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9 Cards in this Set

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Where is Heparin found?

Naturally occurring in liver, lungs and mast cells





What is the heparin family ?









A family of sulphated muco-polysaccharides


Sulphated give high -ve charge


Come in a range of MW 3-40K


Varying structures: Standard, unfractionated

A family of sulphated muco-polysaccharides




Sulphated give high -ve charge




Come in a range of MW 3-40K




Varying structures: Standard, unfractionated

Consequences of differing molecular structures of heparin ?

Different sizes have different functions




They can be separated out, applied differently

Problems with Heparin?

Poorly absorbed from oral administration




Due to large size of heparin molecules, and its charge




Has to be given IV or subcutaneously




Risk of Haemorrhage




Common to all anticoagulants




Mild case: Cease dosage




Severe case: Complex Heparin with Protamine, Protamine has a +ve charge




Charges bind, clumps with Heparin, unable to be used by body

Action of Heparin

Inhibits action of Thrombin, and Factors X, IX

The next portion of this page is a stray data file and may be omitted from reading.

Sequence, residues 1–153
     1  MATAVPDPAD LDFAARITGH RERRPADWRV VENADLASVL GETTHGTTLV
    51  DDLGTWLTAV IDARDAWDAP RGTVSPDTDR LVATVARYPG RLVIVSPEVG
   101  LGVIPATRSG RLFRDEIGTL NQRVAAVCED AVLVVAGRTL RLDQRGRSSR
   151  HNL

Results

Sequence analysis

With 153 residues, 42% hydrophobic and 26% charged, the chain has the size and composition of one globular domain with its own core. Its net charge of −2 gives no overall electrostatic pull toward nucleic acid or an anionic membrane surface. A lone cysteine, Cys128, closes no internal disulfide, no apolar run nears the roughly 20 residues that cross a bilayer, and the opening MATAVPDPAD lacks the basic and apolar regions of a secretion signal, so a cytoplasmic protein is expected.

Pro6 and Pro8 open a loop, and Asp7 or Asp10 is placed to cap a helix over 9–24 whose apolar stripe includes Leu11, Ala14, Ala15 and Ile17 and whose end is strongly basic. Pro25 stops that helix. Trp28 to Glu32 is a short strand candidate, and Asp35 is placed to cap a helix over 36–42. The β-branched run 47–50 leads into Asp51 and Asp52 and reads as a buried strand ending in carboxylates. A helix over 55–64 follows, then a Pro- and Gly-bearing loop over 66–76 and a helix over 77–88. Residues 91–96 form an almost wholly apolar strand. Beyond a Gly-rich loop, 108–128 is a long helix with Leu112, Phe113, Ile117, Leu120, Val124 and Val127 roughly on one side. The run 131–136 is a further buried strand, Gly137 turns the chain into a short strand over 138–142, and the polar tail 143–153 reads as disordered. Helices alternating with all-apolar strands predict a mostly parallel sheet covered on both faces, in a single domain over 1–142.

For Heparin action, what needs to be present?

Antithrombin III (ATIII)




ATIII is a protease inhibitor




Normally it opposes coagulation

Mechanism of Heparin action?

hepatin binds to both ATIII and thrombin, Forms an inactive Thrombin complex

hepatin binds to both ATIII and thrombin, Forms an inactive Thrombin complex

Effect of Thrombin innactivation?

Thrombin converts Fibrinogen to Fibrin, 


Stopping this prevents formation of fibrin mesh, making clot less stable

Thrombin converts Fibrinogen to Fibrin,




Stopping this prevents formation of fibrin mesh, making clot less stable

Advantages of Low Molecular Weight Heparin?

LMW Heparin acts faster, and its effects last longer


They can only effect factor Xa, not Thrombin

LMW Heparin acts faster, and its effects last longer




They can only effect factor Xa, not Thrombin